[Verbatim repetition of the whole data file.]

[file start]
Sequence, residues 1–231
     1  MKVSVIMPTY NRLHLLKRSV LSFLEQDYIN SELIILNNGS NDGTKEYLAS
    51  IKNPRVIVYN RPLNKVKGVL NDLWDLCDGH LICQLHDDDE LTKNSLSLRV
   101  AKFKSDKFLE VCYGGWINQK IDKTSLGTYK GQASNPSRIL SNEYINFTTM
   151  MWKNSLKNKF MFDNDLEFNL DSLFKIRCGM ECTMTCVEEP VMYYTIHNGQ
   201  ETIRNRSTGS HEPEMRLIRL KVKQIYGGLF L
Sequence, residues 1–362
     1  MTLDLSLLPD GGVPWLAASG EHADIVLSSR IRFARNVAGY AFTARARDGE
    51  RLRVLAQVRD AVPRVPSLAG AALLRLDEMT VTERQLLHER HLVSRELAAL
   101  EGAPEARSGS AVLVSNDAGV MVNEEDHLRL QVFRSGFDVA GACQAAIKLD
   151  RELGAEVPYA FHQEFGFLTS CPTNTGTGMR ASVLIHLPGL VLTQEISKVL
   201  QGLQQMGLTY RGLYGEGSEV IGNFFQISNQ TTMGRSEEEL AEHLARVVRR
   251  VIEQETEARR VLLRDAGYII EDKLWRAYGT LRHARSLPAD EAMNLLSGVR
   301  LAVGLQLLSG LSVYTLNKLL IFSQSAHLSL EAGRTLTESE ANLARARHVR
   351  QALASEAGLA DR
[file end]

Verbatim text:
Sequence, residues 1–231
     1  MKVSVIMPTY NRLHLLKRSV LSFLEQDYIN SELIILNNGS NDGTKEYLAS
    51  IKNPRVIVYN RPLNKVKGVL NDLWDLCDGH LICQLHDDDE LTKNSLSLRV
   101  AKFKSDKFLE VCYGGWINQK IDKTSLGTYK GQASNPSRIL SNEYINFTTM
   151  MWKNSLKNKF MFDNDLEFNL DSLFKIRCGM ECTMTCVEEP VMYYTIHNGQ
   201  ETIRNRSTGS HEPEMRLIRL KVKQIYGGLF L
Sequence, residues 1–362
     1  MTLDLSLLPD GGVPWLAASG EHADIVLSSR IRFARNVAGY AFTARARDGE
    51  RLRVLAQVRD AVPRVPSLAG AALLRLDEMT VTERQLLHER HLVSRELAAL
   101  EGAPEARSGS AVLVSNDAGV MVNEEDHLRL QVFRSGFDVA GACQAAIKLD
   151  RELGAEVPYA FHQEFGFLTS CPTNTGTGMR ASVLIHLPGL VLTQEISKVL
   201  QGLQQMGLTY RGLYGEGSEV IGNFFQISNQ TTMGRSEEEL AEHLARVVRR
   251  VIEQETEARR VLLRDAGYII EDKLWRAYGT LRHARSLPAD EAMNLLSGVR
   301  LAVGLQLLSG LSVYTLNKLL IFSQSAHLSL EAGRTLTESE ANLARARHVR
   351  QALASEAGLA DR